Against Equality

From “Remarks on the Stoics” by Allen Thornton (link):

Suppose that you were the only person in the universe. You could exist in the most perfect paradise without reflecting on your good fortune. You could suffer hunger, thirst, and pain and not complain about the “unfairness” of existence. Notions of good and evil, just and unjust, cannot exist unless there are other people and other lives. When we judge these matters, we usually look no further than our neighbors. Americans call people poor whose standard of living would be considered quite high in China. They take for granted luxuries that were unimaginable 200 years ago. A time may come when our descendants will consider our lives horribly brutal and short, but we do not complain so long as we live about as well as those we see frequently or know about.

It would be simple to understand the Stoics’ view of reality if we didn’t have to deal with other people. But people can steal from us, make demands on us, depend on us, and interact with us in thousands of ways. The question of our relations with other people is the most complicated one in any religion or philosophy. Epictetus explains how a Stoic can maintain his serenity in the face of obviously predatory people. He cites the case of a thief who steals your clothes. “Do not admire your clothes and then you will not be angry with the thief. Do not admire the beauty of your wife, and you will not be angry with the adulterer.” He reasons that the thief “does not know wherein man’s good consists, but he thinks that it consists in having fine clothes, the very thing which you also think.” The Stoic knows that a man’s good is in his will and character and not in anything external to him.

His logic is an example of a greater truth: Inequality leads to harmony; equality leads to conflict. We are constantly told that the opposite is true, but we should consider the relations between people. Trade and commerce depend on the fact that individuals place a different value on money. If the grocer didn’t value the bag of flour less than the customer, he wouldn’t sell it. Suppose the bag were worth a dollar to the grocer and a dollar to the customer; then the grocer would have no incentive to sell it. But the grocer values the bag at less than a dollar and so both the grocer and the customer can increase their wealth by the trade of one dollar for one bag of flour. Or suppose a rich man wants to hire a person for a job and two qualified applicants apply. The applicants are not in conflict with the rich man but with each other. Or suppose a man is in love with a beautiful woman. He is in harmony with other women and with homosexuals because they do not value the woman the way he does. Their feelings toward her are completely different from his. He feels the most hatred and ill-will toward another man who also loves the woman. Conflict is in direct proportion to equality. Of course, politics turns everything on its head. Groups of similar people with similar values combine to exert pressure to achieve political ends. But even in this case, the group is simply trying to obtain something from the government at the expense of other groups who want the same thing.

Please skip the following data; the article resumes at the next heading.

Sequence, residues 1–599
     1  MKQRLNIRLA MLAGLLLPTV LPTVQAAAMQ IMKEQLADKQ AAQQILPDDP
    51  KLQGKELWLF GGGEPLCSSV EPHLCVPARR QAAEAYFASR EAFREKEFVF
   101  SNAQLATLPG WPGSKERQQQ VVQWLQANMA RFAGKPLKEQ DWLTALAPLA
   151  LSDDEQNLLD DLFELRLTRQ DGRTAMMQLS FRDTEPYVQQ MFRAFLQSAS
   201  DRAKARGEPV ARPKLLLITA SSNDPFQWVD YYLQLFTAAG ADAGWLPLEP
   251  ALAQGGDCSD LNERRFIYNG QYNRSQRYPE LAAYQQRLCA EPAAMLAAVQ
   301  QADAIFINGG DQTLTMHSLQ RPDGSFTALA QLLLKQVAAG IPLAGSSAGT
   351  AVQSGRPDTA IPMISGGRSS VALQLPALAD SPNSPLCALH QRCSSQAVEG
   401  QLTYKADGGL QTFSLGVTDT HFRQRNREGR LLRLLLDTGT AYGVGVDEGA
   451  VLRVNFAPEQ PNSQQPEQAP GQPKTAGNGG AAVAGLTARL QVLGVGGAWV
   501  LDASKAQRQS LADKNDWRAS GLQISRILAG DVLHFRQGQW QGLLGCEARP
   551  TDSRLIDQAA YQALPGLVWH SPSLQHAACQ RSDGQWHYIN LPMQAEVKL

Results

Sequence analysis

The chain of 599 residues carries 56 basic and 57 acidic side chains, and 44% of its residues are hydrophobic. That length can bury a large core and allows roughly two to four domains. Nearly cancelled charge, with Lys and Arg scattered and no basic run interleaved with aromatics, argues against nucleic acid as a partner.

Quotes – The Connection Between Time And Value

Nothing important comes into being overnight; even grapes and figs need time to ripen. If you say that you want a fig now, I will tell you to be patient. First, you must allow the tree to flower, then put forth fruit; then you have to wait until the fruit is ripe. So if the fruit of a fig tree is not brought to maturity instantly or in an hour, how do you expect the human mind to come to fruition, so quickly and easily?

~Epictetus

Notes – The Philosophy Of The Stoics, From The Meditations Of Marcus Aurelius

These quotes are derived from The Meditations of Roman emperor Marcus Aurelius.

From the Meditations:

  1. Begin the morning by saying to yourself, I shall meet with the busybody, the ungrateful, arrogant, deceitful, envious, unsocial. All of these things happen to them by reason of their ignorance of what is good and evil.
  2. Since it is possible you may depart from life this very minute, regulate every act and thought accordingly.
  3. A man then must stand erect, not be kept erect by others.
  4. It is in your power whenever you choose to retire into yourself. For there is no retreat which is quieter or freer from trouble than a man’s own soul.
  5. Take away your opinion, and then there is taken away the complaint, “I have been harmed.” Take away the complaint, “I have been harmed,” and the harm is taken away.
  6. How much trouble he avoids who does not look to see what his neighbor says or does or thinks, but only to what he does himself, that it may be just and pure.
  7. Look not round at the depraved morals of others, but run straight along the line without deviating from it.